For Immediate Release
Two National Guard Soldiers Plead Guilty to Trafficking Firearms to an Undercover Agent Posing as a Member of a Mexican Drug Cartel
SAN DIEGO, CA Two National Guard soldiers pleaded guilty to firearms charges in federal court today, admitting that they illegally sold numerous guns - including military-style assault rifles and ammunition believing that they were destined for Mexico.
Andrew Reyes and Jaime Casillas, who worked in the Army National Guard Armory in El Cajon, both, pleaded guilty before U.S. Magistrate Judge Mitchell Dembin to one count of dealing firearms without a license. Reyes also pleaded guilty to three counts of unlicensed transportation of firearms, admitting that he travelled to Texas on at least three occasions to purchase assault weapons which he then illegally transported to California and sold to an undercover agent from the Bureau of Alcohol, Tobacco, Firearms and Explosives.
The defendants are scheduled to be sentenced on April 15, 2016 at 9 a.m. before U.S. District Judge M. James Lorenz.
According to his plea agreement, Reyes sold an AK-47 rifle on Sept 2, 2014; two AR-15 rifles and four high-capacity .223-caliber rifles magazines on December 3, 2014; and another AR-15 rifle on March 16, 2015 - all to the undercover ATF agent. In all cases, Reyes admitted that he believed the guns were destined for Mexico.
According to his plea agreement, Casillas sold a .40-caliber pistol to the undercover agent on August 14, 2014;an AR-15 rifle on October 17, 2014; and was present when Reyes sold the AR-15 rifle on March 16, 2015.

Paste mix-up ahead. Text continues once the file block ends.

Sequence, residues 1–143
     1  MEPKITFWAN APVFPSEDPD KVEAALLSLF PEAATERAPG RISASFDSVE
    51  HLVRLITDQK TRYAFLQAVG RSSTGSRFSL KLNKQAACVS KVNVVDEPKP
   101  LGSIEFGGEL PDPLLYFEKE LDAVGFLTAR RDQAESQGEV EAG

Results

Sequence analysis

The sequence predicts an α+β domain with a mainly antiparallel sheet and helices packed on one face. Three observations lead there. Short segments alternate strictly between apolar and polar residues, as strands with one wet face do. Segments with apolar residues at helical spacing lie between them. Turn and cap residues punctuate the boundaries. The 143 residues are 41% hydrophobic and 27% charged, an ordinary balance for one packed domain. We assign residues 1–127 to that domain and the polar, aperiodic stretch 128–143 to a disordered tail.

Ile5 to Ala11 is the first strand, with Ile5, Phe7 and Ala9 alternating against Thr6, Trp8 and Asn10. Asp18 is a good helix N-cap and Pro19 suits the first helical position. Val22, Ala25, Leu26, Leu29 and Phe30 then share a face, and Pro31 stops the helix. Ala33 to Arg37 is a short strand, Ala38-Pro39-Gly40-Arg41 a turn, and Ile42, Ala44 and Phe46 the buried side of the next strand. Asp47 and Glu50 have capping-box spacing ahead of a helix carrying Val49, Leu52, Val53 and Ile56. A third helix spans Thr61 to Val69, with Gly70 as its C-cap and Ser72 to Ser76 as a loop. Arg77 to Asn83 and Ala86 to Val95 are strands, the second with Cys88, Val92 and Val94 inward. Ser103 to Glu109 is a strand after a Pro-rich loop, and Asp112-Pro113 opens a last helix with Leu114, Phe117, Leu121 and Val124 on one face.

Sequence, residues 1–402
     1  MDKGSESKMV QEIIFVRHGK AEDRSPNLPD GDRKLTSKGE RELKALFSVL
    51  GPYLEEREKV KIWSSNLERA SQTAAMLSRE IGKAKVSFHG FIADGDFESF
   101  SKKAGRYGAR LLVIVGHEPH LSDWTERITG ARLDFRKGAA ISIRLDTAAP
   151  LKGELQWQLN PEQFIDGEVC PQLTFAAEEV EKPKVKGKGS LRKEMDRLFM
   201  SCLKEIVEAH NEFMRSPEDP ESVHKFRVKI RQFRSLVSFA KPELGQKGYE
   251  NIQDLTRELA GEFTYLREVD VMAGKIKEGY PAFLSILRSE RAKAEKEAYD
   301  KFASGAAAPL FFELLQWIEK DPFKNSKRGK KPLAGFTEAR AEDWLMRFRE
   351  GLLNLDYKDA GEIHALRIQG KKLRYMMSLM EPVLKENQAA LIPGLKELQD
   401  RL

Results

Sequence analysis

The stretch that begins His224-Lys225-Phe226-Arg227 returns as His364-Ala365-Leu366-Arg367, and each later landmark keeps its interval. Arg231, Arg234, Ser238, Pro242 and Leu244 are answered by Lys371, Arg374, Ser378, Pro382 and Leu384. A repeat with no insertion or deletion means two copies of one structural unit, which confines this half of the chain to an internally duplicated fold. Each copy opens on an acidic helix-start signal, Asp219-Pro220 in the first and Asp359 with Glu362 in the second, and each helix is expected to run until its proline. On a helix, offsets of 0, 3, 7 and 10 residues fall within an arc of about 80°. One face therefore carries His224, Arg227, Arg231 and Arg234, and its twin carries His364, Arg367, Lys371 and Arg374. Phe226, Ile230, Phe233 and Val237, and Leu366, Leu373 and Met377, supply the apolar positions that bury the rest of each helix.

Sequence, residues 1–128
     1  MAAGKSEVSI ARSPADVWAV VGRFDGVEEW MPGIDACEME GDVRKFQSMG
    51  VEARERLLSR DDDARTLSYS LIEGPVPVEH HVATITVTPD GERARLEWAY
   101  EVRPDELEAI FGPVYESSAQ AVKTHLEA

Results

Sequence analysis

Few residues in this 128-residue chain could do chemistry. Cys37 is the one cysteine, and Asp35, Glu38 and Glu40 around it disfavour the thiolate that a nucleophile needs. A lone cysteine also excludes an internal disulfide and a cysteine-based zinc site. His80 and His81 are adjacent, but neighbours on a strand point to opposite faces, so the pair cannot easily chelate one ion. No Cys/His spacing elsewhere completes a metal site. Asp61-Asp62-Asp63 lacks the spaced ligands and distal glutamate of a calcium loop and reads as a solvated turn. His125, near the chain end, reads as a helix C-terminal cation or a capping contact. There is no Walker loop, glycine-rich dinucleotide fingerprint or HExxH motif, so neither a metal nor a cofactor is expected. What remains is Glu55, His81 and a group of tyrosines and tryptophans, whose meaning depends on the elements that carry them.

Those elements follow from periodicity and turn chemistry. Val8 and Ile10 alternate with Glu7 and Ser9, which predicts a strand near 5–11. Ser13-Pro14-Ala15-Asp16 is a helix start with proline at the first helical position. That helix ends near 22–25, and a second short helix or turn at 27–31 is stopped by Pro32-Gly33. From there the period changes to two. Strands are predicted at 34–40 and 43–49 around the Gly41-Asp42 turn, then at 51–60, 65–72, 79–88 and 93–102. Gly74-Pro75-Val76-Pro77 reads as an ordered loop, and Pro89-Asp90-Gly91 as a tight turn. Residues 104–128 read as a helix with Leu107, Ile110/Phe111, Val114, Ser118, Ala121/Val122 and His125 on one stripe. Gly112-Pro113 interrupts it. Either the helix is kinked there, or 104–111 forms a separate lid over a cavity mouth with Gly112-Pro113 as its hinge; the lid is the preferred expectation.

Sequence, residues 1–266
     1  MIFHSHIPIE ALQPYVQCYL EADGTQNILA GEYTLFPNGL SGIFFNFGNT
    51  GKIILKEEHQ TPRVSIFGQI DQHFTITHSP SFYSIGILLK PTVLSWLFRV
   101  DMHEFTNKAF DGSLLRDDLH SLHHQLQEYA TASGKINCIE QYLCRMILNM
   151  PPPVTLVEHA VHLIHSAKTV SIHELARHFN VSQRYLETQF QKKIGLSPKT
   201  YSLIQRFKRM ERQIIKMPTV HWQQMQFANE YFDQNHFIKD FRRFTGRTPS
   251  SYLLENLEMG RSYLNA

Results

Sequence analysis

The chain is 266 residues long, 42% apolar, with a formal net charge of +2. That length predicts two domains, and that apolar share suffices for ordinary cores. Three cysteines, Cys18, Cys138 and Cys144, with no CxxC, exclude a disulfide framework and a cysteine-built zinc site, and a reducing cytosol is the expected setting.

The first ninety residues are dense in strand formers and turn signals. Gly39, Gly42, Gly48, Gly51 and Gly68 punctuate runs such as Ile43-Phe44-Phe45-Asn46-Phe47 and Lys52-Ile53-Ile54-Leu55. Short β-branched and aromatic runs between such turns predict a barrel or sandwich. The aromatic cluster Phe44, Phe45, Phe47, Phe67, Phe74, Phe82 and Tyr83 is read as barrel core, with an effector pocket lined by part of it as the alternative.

Casillas also admitted that he believed the weapons were also destined for Mexico.
The complaint alleges that some of the items were military-issued, while some were purchased by the defendants in Texas and re-sold to the undercover agent.
According to the complaint, the undercover agent made clear to the defendants on multiple occasions that the purchased guns were destined for Mexico; the defendants also noted that some of the guns acquired in Texas had obliterated serial numbers or were “hot,” meaning they’d been used in a crime or were stolen. The undercover agent told the defendants he was a member of a Mexican drug cartel, according to the complaint.
During one transaction, the defendants showed up in U.S. Army uniforms.
“These National Guard soldiers have admitted to selling assault rifles and other firearms to a man they believed to be a Mexican cartel member,” said U.S. Attorney Laura Duffy. “Sadly, our nation has been frequently reminded that assault weapons possessed by the wrong people are a huge threat to public safety. This prosecution and conviction highlights the commitment of ATF and the U.S. Attorney’s Office to seek out, and then eliminate, the source of illegal firearms, wherever we find it in our community.” “Casillas and Reye' conduct surpassed mere exploitation of military resources, and advanced to providing armaments usually reserved for law enforcement and combat personnel to individuals they believed were members of organized crime operating in the United States and Mexico,” said ATF Special Agent in Charge Eric D. Harden. “U.S. Service personnel make up a large percentage of the San Diego community. The community as a whole has an interest in combating conduct that stains the public trust.”
|DEFENDANTS||Case Number: 15mj1179|
|Jaime Casillas||Age: 22 El Cajon, CA|
|Andrew Reyes||Age: 34 La Mesa, CA|
SUMMARY OF CHARGES
Dealing Firearms without a License, in violation of United States Code 922(a)(1)(A) (Both defendants)Maximum Penalty: Five years in prison
Unlicensed Transportation of Firearms, in violation of United States Code 922(a)(3) (Reyes only)Maximum Penalties: Five years in prison
Bureau of Alcohol Tobacco Firearms and Explosives